When I write about healing in my posts I am usually talking about spiritual healing. Physical healing is wonderful but many times it's simply the byproduct of a much deeper inner healing. Sometimes we block God's healing - in my own life one of the greatest stumbling blocks to healing was and is myself. As this stumbling block is moved out of the way the spiritual healing my soul needs has sped up.
One of the more common stumbling blocks to healing is self-hatred. The wrong kind of self-hatred. We aren't talking about the self-hatred the saints speak about here that's aimed at the false self. We're talking about a very real hatred/dislike of oneself. And it comes about through looking at yourself in an unholy mirror.
What is this unholy mirror?
It's all the false things you've told yourself and others have told you since you were very small that warp the way you see yourself and the way you see others. Add to that the wounds others have inflicted upon you and the wounds you inflicted upon yourself by your own sins and you begin to see how a distortion in the way you see yourself can become a big obstacle. For those who were raised in dysfunctional households - think of all the negative pictures others have painted of you with their words and/or actions (this also includes those things NOT done or said that should have been), especially when you were young and impressionable, and you can see how this might be a big problem. Children have no reason to believe an adult wouldn't be telling them the truth so they begin to believe that something is innately wrong with them.
God wants to shatter this mirror. Or at least break it away piece by piece. He wants you to see yourself through HIS eyes. He wants you to see your potential in Him. He wants us to know we are loved and cherished by Him.
In my case, the Lord chipped away at this false mirror gradually. No doubt had He removed it all at once I wouldn't have been able to accept it. Plus, its gradual removal has taught (and is teaching) me a lot.
This hatred of oneself may not be obvious to those who suffer from it because to them it's normal - they've lived with it all their lives and have never seen themselves in any other way. In other cases it's very obvious because it manifests all the time in their thought life. It's extremely prevalent in those who come from dysfunctional homes - children of alcoholics or drug addicts, those who are abused verbally/physically/sexually, those who are raised in homes where one or both parents are mentally ill, children of divorce, etc..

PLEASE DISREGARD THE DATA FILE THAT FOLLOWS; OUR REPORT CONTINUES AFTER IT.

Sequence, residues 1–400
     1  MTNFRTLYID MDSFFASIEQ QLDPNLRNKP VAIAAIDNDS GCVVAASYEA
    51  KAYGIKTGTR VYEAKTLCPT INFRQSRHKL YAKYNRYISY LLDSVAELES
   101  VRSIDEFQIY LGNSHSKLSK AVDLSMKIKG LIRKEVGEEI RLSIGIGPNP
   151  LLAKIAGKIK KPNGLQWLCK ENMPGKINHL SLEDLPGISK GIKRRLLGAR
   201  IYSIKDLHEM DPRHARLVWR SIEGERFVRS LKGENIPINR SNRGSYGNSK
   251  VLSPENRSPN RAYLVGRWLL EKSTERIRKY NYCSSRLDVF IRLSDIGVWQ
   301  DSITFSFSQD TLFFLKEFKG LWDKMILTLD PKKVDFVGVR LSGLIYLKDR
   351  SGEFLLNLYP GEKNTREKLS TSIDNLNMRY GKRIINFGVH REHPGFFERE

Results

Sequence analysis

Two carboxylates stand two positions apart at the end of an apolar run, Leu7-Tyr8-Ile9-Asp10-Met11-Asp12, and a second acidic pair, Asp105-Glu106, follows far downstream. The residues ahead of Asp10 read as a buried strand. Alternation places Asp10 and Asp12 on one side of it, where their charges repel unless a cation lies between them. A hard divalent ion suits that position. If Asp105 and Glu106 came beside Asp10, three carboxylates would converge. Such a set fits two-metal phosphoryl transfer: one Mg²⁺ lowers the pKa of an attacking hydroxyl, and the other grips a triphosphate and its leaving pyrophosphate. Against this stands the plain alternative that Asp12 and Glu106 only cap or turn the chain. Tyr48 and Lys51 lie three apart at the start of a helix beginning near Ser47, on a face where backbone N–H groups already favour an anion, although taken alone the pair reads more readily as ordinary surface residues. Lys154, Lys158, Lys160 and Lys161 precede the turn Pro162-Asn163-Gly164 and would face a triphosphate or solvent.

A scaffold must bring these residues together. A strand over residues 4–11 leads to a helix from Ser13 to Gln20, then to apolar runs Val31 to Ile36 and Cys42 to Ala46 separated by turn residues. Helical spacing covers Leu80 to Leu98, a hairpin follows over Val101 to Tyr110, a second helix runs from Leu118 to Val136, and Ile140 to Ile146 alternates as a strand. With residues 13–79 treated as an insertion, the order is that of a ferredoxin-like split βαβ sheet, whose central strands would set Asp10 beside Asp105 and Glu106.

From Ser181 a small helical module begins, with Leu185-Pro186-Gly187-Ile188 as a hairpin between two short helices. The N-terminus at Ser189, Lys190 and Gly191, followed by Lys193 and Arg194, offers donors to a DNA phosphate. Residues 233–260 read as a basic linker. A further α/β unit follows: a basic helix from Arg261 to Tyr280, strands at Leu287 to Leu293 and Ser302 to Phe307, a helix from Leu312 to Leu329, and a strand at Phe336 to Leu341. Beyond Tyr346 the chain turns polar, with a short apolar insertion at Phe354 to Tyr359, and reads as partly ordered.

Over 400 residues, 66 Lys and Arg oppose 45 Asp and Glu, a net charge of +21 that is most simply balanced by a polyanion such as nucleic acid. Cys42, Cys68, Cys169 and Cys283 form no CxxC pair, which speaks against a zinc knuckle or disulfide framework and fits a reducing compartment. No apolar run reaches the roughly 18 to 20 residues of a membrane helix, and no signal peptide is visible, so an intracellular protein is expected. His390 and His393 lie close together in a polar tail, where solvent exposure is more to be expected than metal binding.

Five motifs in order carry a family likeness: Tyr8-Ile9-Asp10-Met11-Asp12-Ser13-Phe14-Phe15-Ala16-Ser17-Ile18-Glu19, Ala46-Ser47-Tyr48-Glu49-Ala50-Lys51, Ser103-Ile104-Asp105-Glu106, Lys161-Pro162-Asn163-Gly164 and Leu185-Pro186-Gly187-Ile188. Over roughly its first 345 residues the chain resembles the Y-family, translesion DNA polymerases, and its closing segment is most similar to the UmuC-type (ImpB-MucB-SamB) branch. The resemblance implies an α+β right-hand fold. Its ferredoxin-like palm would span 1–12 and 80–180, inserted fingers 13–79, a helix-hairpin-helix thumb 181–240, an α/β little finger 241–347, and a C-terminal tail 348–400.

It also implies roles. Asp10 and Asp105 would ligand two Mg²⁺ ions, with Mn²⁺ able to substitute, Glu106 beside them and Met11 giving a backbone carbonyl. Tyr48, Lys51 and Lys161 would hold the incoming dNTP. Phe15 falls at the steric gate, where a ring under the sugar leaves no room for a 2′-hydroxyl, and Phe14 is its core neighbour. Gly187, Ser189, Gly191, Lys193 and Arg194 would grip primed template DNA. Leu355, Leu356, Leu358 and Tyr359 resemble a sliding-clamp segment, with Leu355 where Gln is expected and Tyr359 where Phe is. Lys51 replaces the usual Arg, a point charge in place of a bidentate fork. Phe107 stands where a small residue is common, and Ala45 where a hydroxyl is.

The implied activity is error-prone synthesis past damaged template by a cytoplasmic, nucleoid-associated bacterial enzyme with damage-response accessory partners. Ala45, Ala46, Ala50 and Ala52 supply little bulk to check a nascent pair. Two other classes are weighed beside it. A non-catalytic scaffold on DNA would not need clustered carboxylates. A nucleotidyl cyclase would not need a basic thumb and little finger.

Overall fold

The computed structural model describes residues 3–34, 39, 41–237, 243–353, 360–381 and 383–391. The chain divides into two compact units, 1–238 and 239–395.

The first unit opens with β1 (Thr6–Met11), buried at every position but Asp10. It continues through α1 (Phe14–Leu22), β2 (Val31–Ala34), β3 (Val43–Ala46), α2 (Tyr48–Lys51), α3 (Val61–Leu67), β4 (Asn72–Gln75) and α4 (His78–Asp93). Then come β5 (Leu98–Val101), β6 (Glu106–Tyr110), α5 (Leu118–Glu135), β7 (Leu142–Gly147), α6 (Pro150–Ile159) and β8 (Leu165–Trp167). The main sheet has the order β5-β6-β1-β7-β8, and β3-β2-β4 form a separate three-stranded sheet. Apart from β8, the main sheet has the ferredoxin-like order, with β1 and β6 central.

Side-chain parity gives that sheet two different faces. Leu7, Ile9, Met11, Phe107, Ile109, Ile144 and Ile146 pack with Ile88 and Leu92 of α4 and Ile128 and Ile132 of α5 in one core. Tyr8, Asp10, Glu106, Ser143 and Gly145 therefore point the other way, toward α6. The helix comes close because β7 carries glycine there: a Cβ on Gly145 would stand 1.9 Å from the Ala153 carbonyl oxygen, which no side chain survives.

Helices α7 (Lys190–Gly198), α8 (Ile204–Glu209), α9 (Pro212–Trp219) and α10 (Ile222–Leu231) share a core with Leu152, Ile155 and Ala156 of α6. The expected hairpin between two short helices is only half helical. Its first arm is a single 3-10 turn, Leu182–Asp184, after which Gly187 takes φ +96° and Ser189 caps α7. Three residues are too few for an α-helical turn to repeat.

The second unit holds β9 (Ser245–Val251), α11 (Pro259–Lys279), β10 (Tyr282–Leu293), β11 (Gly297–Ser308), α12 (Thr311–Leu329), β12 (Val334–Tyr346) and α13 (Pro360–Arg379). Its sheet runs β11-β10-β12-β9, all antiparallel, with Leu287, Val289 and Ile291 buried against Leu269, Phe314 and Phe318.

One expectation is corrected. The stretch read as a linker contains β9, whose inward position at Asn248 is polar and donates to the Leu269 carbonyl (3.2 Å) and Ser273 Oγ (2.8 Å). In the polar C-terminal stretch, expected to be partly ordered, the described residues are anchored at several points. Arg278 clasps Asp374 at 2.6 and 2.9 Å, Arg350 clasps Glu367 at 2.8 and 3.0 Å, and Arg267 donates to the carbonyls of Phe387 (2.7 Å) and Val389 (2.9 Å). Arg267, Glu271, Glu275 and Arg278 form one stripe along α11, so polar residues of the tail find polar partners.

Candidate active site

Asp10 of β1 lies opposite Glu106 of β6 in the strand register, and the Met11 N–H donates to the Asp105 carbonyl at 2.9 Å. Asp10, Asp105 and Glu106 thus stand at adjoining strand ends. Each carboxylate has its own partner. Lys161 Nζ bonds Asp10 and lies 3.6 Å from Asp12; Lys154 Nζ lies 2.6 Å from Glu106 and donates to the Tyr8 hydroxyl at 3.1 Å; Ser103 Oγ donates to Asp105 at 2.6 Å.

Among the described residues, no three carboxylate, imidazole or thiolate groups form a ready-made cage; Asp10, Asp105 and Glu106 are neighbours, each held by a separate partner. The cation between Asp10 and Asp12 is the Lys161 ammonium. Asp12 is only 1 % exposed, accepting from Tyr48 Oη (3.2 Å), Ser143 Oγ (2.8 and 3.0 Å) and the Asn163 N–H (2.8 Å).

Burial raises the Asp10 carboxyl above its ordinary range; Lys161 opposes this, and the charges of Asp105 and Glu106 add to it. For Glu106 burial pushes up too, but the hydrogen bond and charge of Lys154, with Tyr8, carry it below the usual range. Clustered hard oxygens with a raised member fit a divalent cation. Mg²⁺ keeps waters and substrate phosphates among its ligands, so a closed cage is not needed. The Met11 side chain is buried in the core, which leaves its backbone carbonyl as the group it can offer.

That covers a lot of homes.
I should have known I had a problem with this because it was quite obvious even as a child. I often felt defeated before I even began something. The world seemed overwhelming to me. If someone said something nice about me I would automatically correct their "mistake". I knew something was terribly wrong but I just didn't know what that terrible something was.
When I was in my twenties I read a lot of self-help books and tried to speak more positively about myself but it didn't really sink in - the only thing I was positive about was that I had a big problem. Saying positive things about yourself doesn't correct the underlying issues. It doesn't heal the wounds. Plus, I always felt like I was lying. Saying something is true doesn't necessarily make it so.
We need to throw away the false pictures of ourselves (the way we see ourselves/the way others see us) and ask God how HE sees us.
His is the true picture. And His is the one that really matters.
|Prayer: courtesy of Mary's Rosary Chain|